a small Japanese-style charcoal brazier covered with a grill, usually used for outdoor cooking.

Origin of hibachi

1860–65; < Japanese, equivalent to hi fire (earlier fi(y) < *poi) +-bachi combining form of hachi pot, earlier fati < Middle Chinese, akin to Chinese monk's bowl; perhaps < Pali patta < Sanskrit pā́tra drinking vessel
Dictionary.com Unabridged Based on the Random House Unabridged Dictionary, © Random House, Inc. 2019

Related Words for hibachi

spit, griddle, fireplace, roaster, broiler

Examples from the Web for hibachi

Historical Examples of hibachi

  • They covered the fire of the hibachi and caused a darkness in which they stole away.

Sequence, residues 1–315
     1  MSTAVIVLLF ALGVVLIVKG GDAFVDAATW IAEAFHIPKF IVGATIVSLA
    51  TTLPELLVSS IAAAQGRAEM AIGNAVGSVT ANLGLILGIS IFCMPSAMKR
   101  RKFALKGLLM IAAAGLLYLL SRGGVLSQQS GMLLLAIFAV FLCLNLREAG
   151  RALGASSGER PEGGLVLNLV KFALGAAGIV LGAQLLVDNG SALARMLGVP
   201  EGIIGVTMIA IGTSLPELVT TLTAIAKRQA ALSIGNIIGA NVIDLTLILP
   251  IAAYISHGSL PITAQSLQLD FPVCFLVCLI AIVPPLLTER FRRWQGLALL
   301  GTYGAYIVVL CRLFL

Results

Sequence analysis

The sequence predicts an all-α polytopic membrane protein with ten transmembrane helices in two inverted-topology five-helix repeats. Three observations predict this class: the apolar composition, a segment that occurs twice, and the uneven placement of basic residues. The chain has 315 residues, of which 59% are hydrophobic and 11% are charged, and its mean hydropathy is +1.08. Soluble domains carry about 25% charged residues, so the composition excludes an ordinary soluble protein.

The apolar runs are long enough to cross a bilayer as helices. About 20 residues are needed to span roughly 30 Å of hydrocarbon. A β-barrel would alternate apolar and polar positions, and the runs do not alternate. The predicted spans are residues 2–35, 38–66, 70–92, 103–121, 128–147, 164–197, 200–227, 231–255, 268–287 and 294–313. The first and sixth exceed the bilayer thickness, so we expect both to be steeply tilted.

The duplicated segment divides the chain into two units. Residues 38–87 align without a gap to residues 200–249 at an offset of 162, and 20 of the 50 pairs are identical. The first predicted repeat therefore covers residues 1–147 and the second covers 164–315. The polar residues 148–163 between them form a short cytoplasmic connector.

The Way of the Gods

    John Luther Long

  • The kitchen knife was close at hand on the brazier (hibachi).

  • He hung over the live charcoal of the hibachi as one in a dream.

  • Then she sat down close to a hibachi, her back against the wall.

    The House of the Misty Star

    Fannie Caldwell Macaulay

  • That very night the holy man filled the kettle with water from the spring and set it on the hibachi to boil for his cup of tea.

British Dictionary definitions for hibachi



a portable brazier for heating and cooking food

Word Origin for hibachi

from Japanese, from hi fire + bachi bowl
Collins English Dictionary - Complete & Unabridged 2012 Digital Edition © William Collins Sons & Co. Ltd. 1979, 1986 © HarperCollins Publishers 1998, 2000, 2003, 2005, 2006, 2007, 2009, 2012

Word Origin and History for hibachi

1863, from Japanese hibachi "firepot," from hi "fire" + bachi, hachi "bowl, pot," which Watkins derives ultimately from Sanskrit patram "cup, bowl."

Online Etymology Dictionary, © 2010 Douglas Harper